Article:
Note that I'm using MathJax to render the equations on this post. It can take a while to render everything, so you may need to wait a bit before everything shows up. If you're reading this in a feed reader, then it will all look like gibberish (or LaTeX if you can tell the difference).

So I've been playing with this idea for a while now, and bounced it off YSlow dev Antonia Kwok a few times, and we came up with something that might work. The question was whether we could estimate a page's expected roundtrip time for a particular user just by looking at the page structure. The answer, is much longer than that, but tends towards

Let's break the problem down first. There are two large unknowns in there:

To simplify the equation a bit, we assume that bandwidth and network latency from the user to the CDN and the origin are the same. Additionally, the latency for the main page includes both network latency and the time it takes the server to generate the page (\(L_S\)). Often this time can be significant, so we redefine the terms slightly:

\begin{align}

B_O & = B_C \\

L_O & = L_S + L_C

\end{align}

Browser characteristics are easy enough to obtain. Simply pull the data from BrowserScope's Network tab. It contains almost all the information we need. The only parameter not listed is the number of parallel DNS lookups that a browser can make. Since it's better to err on the side of caution, we assume that this number is 1, so for all further equations, assume \(N_{Dmax} = 1\).

Before I get to the equation, I should mention a few caveats. It's fairly naïve, assuming that all resources that can be downloaded in parallel will be downloaded in parallel, that there's no blank time between downloads, and that the measured bandwidth \(B_C\) is less than the actual channel capacity, therefore multiple parallel TCP connections will all have access to the full bandwidth. This is not entirely untrue for high bandwidth users, but it does breakdown when we get down to dial-up speeds. Here's the equation:

\[

T_{RT} = T_P + T_D + T_S + T_R

\]

Where:

\begin{align}

T_P \quad & = \quad L_O + \frac{S_O}{B_C}\\

\\

\\

\\

\\

\\

T_D \quad & = \quad \frac{N_H}{N_{Dmax}} \times L_D\\

\\

\\

\\

\\

\\

T_S \quad & = \quad \sum_{i=1}^{N_{SG}} \left( \frac{S_{SG_imax}}{B_C} + L_C \right) \\

\\

\\

\\

\\

\\

N_{SG} \quad & = \quad \left\{

\begin{array}{1 1}

\frac{N_S}{min \left( N_{Hmax} \times N_{SH}, N_{max} \right) } & \quad \text{if browser supports parallel scripts}\\

\\

\\

N_S & \quad \text{if browser does not support parallel scripts}\\

\end{array} \right. \\

\\

\\

\\

\\

\\

S_{SG_imax} \quad & = \quad \text{Size of the largest script in script group } SG_i\\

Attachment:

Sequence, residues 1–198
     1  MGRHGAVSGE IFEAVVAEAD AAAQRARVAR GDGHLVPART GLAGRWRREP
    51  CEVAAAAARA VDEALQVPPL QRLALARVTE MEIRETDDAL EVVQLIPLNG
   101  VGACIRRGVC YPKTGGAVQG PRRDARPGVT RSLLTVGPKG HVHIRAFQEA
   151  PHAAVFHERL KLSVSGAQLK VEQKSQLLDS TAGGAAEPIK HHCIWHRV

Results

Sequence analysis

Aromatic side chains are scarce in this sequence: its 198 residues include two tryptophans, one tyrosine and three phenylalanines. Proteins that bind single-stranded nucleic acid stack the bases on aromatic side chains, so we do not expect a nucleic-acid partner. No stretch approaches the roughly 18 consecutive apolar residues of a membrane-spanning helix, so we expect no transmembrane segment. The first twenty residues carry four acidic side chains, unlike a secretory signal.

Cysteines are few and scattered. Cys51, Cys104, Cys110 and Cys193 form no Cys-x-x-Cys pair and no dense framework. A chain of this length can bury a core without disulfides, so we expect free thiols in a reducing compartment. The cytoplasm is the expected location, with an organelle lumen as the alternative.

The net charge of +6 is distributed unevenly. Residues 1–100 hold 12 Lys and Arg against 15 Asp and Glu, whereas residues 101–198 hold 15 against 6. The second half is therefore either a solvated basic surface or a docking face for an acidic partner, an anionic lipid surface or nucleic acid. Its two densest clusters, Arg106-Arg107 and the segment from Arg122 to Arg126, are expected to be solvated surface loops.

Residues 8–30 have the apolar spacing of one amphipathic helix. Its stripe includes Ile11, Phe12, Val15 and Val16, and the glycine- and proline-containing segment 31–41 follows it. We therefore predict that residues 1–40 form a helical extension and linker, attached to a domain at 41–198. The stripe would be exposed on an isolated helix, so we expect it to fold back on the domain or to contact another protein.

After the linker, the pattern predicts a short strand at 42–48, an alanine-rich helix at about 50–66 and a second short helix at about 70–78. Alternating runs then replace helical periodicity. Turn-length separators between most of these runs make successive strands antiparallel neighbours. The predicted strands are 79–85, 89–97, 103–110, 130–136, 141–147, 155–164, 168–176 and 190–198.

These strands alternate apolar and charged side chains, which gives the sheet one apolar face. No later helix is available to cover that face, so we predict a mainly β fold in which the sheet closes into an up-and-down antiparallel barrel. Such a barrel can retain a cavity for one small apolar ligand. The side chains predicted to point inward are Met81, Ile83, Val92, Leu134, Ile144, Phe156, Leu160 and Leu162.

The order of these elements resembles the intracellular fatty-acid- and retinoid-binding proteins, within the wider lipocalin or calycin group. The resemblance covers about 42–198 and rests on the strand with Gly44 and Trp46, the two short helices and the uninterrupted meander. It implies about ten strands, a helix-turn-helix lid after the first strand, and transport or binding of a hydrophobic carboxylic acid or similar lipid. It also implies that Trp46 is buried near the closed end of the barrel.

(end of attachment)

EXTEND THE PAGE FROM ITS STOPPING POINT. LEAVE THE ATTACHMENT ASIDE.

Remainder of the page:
\\

\\

\\

\\

\\

T_R \quad & = \quad \sum_{i=1}^{N_{RG}} \left( \frac{S_{RG_imax}}{B_C} + L_C \right) \\

\\

\\

\\

\\

\\

N_{RG} \quad & = \quad \frac{N_R}{min \left( N_{Hmax} \times N_{RH}, N_{max} \right) }\\

\\

\\

\\

\\

\\

S_{RG_imax} \quad & = \quad \text{Size of the largest resource in resource group } RG_i

\end{align}

So this is how it works...

We assume that the main page's download time is a linear function of its size, bandwidth, the time it takes for the server to build the page and the network latency between the user and the server. While this is not correct (consider multiple flushes, bursty networks, and other factors), it is close.

We then consider all scripts in groups based on whether the browser can handle parallel script downloads or not. Script groups are populated based on the following algorithm:

Similarly, we consider the case for all non-script resources:

For DNS, we assume that all DNS lookups are done sequentially. This makes our equation fairly simple, but turns our result into an overestimate.

Overall, this gives us a fairly good guess at what the roundtrip time for the page would be, but it only works well for high bandwidth values.

We go wrong with our assumptions at a few places. For example, we don't consider the fact that resources may download in parallel with the page itself, or that when the smallest script/resource in a group has been downloaded, the browser can start downloading the next script/resource. We ignore the fact that some browsers can download scripts and resources in parallel, and we assume that the browser takes no time to actually execute scripts and render the page. These assumptions introduce an error into our calculations, however, we can overcome them in the lab. Since the primary purpose of this experiment is to determine the roundtrip time of a page without actually pushing it out to users, this isn't a bad thing.